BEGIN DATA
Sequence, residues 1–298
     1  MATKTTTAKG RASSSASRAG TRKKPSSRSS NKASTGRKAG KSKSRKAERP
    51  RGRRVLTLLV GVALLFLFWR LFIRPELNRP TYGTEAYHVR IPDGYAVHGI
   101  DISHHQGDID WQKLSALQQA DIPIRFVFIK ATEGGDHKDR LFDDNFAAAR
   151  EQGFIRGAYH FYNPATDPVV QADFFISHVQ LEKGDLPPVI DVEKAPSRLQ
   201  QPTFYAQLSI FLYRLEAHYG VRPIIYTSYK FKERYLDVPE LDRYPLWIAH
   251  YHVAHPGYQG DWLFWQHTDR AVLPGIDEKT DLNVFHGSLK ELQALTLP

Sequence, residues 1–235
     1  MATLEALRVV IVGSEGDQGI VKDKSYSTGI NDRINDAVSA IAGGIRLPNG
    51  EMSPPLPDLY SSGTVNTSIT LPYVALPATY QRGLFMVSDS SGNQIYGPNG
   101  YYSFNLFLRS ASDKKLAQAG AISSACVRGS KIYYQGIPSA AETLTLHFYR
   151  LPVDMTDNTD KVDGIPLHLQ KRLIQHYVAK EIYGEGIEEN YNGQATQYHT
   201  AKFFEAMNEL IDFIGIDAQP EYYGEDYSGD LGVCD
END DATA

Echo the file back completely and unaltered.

Sequence, residues 1–298
     1  MATKTTTAKG RASSSASRAG TRKKPSSRSS NKASTGRKAG KSKSRKAERP
    51  RGRRVLTLLV GVALLFLFWR LFIRPELNRP TYGTEAYHVR IPDGYAVHGI
   101  DISHHQGDID WQKLSALQQA DIPIRFVFIK ATEGGDHKDR LFDDNFAAAR
   151  EQGFIRGAYH FYNPATDPVV QADFFISHVQ LEKGDLPPVI DVEKAPSRLQ
   201  QPTFYAQLSI FLYRLEAHYG VRPIIYTSYK FKERYLDVPE LDRYPLWIAH
   251  YHVAHPGYQG DWLFWQHTDR AVLPGIDEKT DLNVFHGSLK ELQALTLP

Sequence, residues 1–235
     1  MATLEALRVV IVGSEGDQGI VKDKSYSTGI NDRINDAVSA IAGGIRLPNG
    51  EMSPPLPDLY SSGTVNTSIT LPYVALPATY QRGLFMVSDS SGNQIYGPNG
   101  YYSFNLFLRS ASDKKLAQAG AISSACVRGS KIYYQGIPSA AETLTLHFYR
   151  LPVDMTDNTD KVDGIPLHLQ KRLIQHYVAK EIYGEGIEEN YNGQATQYHT
   201  AKFFEAMNEL IDFIGIDAQP EYYGEDYSGD LGVCD